You could find reasons for both enthusiasm and skepticism when Asia Society announced last year that it would present a triennial of contemporary art, centered on art from what the organizers called "Asia and the world.”

Enthusiasm: Our supposedly global galleries and museums still engage too little with a continent that’s home to 60% of the world’s population, and the more new Asian art we see here, the better. And admission would be free.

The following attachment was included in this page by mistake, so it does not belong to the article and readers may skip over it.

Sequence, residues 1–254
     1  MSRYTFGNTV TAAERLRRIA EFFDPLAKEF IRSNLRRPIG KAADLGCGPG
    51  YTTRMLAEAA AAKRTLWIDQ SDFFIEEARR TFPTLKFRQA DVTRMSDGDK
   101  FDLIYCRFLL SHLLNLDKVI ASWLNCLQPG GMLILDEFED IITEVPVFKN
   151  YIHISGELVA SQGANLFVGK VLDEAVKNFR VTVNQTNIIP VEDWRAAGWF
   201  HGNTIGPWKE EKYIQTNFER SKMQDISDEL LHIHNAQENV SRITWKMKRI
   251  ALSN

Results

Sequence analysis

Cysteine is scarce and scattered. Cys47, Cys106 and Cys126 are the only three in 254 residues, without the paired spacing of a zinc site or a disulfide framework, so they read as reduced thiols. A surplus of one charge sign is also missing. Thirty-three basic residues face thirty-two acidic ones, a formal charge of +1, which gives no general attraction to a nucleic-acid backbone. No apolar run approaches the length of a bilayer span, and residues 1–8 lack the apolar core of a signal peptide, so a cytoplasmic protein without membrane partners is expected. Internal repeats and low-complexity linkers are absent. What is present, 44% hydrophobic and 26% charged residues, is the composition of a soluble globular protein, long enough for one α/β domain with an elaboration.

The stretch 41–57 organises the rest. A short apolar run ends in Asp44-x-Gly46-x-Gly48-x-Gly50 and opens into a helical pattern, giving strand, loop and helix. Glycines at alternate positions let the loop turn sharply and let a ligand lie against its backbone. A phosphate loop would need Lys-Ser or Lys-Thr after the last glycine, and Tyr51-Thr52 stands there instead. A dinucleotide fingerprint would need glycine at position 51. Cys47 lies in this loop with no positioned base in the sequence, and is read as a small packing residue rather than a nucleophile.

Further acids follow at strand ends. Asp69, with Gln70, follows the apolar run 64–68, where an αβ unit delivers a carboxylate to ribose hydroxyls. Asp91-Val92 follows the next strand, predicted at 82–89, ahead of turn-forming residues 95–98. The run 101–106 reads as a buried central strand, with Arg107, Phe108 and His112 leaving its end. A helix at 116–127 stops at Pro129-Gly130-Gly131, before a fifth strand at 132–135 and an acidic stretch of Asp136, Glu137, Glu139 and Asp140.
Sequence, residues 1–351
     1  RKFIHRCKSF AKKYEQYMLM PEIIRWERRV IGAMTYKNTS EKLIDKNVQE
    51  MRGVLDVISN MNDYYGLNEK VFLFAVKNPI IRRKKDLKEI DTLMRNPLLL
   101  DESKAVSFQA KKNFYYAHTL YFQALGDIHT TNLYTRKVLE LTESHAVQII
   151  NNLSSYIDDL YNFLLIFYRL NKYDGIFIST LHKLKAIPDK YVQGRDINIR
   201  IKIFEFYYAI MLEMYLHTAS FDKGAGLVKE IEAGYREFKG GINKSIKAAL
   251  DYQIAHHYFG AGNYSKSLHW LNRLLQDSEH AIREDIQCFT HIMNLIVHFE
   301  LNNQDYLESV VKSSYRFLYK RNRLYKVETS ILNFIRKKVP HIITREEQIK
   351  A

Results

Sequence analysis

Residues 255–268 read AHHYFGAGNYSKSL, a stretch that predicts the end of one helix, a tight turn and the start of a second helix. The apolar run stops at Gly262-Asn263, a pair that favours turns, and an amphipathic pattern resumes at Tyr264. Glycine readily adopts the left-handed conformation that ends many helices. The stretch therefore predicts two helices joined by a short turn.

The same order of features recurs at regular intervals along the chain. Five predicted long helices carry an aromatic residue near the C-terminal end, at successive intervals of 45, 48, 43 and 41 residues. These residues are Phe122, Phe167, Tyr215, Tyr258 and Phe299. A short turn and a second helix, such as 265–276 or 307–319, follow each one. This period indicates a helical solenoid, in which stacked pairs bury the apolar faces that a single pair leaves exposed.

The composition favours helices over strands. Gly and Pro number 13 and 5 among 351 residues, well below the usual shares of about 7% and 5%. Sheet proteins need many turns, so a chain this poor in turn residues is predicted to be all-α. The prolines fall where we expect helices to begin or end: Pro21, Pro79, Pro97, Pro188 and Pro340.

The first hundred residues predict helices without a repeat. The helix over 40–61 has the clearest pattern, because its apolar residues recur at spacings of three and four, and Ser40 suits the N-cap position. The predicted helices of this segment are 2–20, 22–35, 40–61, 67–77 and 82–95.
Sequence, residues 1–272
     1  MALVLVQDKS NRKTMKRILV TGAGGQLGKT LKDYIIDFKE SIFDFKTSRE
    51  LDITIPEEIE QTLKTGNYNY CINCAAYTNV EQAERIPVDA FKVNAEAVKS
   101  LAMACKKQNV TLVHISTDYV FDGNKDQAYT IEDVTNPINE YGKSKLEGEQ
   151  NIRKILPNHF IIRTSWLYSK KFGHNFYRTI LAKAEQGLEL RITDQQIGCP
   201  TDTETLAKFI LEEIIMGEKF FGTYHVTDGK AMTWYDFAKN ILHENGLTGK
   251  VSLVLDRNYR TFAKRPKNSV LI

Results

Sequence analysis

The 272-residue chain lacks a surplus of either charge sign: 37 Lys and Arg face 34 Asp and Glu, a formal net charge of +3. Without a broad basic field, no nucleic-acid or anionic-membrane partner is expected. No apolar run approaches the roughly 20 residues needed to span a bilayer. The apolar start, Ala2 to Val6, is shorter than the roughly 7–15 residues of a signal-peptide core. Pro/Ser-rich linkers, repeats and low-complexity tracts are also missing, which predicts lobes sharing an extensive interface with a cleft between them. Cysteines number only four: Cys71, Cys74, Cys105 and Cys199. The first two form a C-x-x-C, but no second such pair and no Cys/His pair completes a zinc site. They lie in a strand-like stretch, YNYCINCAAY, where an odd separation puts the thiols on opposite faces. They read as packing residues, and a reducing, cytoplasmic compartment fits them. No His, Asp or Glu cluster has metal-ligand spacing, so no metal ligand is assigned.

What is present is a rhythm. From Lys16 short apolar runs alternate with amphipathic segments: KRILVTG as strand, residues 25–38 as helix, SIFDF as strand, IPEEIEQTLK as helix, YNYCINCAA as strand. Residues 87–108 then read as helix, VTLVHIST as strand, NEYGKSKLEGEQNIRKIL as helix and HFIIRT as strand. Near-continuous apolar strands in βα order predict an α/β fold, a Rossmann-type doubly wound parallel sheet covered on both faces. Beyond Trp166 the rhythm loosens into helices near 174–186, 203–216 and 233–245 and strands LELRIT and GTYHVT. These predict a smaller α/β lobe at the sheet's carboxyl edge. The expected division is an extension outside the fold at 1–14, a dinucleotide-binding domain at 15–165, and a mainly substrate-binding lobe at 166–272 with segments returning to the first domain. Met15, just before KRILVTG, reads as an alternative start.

Skepticism: There are now more than 300 biennial and triennial exhibitions of contemporary art worldwide. In New York alone, the Whitney Museum of American Art, the New Museum, MoMA PS1, the Queens Museum, El Museo del Barrio, the International Center of Photography and the Wallach Art Gallery at Columbia University all gum up their galleries with perennial festivals of new art. In the high-water years of globalization — the ’90s and early 2000s — the -ennial exhibitions popping up all over promised to forge a new, worldwide field of artistic creation, with the West no longer at the center. Twenty-odd years later, when digital networks have dissolved distances and novelty seems an artistic nonstarter, the format is feeling increasingly tired.